The following Sections, i.e. Sections 12E, F and G under Division 3 of this Part are more extensive than the Sections mentioned above under this Part. This is because it outlines the obligations of the legal practitioners.
Section 12E: Obligations of Legal Practitioners
This Section states that when parties consult any legal practitioner for family law advice, the legal practitioner has the responsibility to give parties documents containing information regarding non-court based services. The information they provide includes points mentioned under 12B of the Act.
Additionally, a legal practitioner providing advice to a married person who is:
- Amid legal proceedings for divorce order in relation to marriage, or
- Amid legal proceedings for financial or children-related (Part VII) matters
Must give the person all information about reconciliation services as mentioned under 12C of the Act. Similarly, the practitioner must give parties all documents containing information prescribed under 12D i.e. about Part VII proceedings.
It is important to note that legal practitioners do not have to comply with these obligations if they believe that the parties already contain documents with the information. Moreover, the practitioners do not have to provide information about reconciliation to parties if they believe there are no reasonable chances of reconciliation between the two parties to a marriage.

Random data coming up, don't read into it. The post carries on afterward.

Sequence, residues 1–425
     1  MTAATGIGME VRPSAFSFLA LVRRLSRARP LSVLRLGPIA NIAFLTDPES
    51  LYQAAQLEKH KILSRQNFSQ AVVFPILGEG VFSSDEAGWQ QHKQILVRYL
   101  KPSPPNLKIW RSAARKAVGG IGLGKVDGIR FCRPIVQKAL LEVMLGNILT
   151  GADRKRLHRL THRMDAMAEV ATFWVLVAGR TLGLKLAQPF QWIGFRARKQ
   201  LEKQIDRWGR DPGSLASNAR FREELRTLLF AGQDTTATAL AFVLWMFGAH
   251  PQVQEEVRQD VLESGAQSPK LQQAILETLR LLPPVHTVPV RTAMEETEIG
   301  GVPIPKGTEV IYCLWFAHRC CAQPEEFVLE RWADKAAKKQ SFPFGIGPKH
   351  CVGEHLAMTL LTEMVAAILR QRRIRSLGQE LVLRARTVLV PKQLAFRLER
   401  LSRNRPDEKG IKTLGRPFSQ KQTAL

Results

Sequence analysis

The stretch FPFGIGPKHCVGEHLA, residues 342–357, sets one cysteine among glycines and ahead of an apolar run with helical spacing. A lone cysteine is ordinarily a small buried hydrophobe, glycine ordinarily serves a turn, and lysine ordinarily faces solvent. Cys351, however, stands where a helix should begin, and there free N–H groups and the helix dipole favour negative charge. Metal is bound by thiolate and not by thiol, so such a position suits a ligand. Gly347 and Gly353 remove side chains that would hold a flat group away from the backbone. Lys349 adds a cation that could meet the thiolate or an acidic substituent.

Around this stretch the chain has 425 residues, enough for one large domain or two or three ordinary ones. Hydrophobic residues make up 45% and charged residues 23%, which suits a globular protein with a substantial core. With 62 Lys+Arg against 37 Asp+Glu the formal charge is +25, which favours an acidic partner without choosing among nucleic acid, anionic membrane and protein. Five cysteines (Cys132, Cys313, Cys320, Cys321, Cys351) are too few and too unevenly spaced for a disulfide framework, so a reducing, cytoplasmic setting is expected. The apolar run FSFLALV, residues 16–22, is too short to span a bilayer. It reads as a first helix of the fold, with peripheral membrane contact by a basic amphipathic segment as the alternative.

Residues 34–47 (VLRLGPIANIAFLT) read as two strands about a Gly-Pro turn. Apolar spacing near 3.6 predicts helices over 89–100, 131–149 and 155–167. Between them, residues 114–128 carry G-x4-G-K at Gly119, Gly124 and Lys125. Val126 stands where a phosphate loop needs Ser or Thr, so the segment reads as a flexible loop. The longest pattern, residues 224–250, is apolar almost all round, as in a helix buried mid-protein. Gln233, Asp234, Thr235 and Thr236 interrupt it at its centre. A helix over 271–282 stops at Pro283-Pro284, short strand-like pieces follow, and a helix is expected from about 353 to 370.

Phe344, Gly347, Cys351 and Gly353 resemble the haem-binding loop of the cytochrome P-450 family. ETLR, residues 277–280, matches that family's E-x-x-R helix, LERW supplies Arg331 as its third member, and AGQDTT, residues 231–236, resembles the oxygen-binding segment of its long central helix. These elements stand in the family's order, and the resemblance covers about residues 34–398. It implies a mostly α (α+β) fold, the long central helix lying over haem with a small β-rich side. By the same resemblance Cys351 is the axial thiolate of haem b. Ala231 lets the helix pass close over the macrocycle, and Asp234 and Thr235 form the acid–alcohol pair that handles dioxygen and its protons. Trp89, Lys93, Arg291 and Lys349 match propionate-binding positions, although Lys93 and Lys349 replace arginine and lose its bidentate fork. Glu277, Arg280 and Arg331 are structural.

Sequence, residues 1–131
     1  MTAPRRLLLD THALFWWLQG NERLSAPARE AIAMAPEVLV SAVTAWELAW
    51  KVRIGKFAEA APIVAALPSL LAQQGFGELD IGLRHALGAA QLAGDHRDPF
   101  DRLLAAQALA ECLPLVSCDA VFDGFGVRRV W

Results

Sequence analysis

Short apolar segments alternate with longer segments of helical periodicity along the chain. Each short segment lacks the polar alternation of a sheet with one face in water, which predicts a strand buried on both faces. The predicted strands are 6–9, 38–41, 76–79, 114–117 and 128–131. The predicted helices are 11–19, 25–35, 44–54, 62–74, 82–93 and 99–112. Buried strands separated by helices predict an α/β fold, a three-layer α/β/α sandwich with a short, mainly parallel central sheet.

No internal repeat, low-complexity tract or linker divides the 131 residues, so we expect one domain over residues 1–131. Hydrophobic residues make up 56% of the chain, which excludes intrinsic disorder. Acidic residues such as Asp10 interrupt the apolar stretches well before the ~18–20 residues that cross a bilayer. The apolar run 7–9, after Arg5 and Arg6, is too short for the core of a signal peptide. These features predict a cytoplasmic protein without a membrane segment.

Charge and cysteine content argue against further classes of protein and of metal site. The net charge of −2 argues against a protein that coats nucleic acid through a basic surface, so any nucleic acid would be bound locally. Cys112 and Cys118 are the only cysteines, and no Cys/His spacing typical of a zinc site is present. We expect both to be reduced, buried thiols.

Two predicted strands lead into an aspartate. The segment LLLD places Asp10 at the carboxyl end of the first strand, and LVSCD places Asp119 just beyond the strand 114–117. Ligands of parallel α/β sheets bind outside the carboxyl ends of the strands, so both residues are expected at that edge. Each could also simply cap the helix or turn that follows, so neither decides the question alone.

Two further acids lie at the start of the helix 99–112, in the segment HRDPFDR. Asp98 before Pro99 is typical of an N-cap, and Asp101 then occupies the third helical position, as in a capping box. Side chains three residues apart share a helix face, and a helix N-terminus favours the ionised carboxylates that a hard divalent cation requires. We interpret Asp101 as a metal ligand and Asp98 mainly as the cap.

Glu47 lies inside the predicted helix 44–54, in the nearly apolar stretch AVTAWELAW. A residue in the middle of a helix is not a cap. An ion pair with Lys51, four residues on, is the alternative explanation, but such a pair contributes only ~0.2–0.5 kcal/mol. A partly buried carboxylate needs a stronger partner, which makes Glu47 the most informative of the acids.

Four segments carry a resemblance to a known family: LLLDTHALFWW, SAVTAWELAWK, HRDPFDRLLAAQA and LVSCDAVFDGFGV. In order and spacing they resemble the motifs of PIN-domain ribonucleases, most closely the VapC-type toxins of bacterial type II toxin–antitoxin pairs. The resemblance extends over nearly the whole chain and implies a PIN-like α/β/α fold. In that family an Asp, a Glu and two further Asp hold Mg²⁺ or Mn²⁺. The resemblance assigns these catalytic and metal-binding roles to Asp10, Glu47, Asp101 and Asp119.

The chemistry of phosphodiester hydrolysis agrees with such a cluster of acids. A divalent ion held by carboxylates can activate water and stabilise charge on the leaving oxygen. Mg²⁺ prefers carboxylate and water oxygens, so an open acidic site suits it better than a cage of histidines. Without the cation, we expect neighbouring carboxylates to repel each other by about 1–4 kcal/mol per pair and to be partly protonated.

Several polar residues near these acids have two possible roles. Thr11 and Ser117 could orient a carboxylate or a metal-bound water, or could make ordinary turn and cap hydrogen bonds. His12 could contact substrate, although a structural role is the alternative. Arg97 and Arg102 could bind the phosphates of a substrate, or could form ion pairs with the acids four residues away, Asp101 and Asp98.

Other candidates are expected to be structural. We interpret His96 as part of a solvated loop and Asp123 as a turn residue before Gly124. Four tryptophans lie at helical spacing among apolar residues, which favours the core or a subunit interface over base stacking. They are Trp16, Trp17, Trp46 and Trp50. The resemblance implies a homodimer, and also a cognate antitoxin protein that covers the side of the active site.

Section 12F: Obligations on Principal Executive Officers of Courts
The Principle Executive Officer of the Court must ensure that any person who is considering instituting proceedings under this Act, has the information given under 12B (about non-court based family law services), 12C (reconciliation) and 12D (about Part VII proceedings).
Moreover, they also have the responsibility to ensure that, if a person involved in proceedings asks for information from a member of court or officer for details on family counselling or FDRS, they receive the documents containing all the information.
Section 12G: Obligations on Family Counsellors, Family Dispute Resolution Practitioners and Arbitrators
If a family counsellor, FDRS practitioner or arbitrator is dealing with persons in divorce proceedings or financial or children-related proceedings, they must:
- Give the parties information mentioned under Section 12C i.e. regarding reconciliation
However, these practitioners need not comply with these obligations if:
- They have reasonable grounds to believe that someone has already given the parties the documents and relevant information, or
- They think there is no reasonable possibility of a reconciliation between the two parties to a marriage
Seeking Advice on Legal Matters
Many parties make use of non-court based services and settle their legal disputes in a timely and efficient manner. In our team of family lawyers, we have award-winning mediators and arbitrators who have helped parties reach amicable conclusions countless times.
At JB Solicitors, we offer fixed-fee prices for many of our legal services. For more information on other subjects under family law, you can check out our blog page here. Do not hesitate to reach out to our friendly ream of solicitors in case of any enquiries.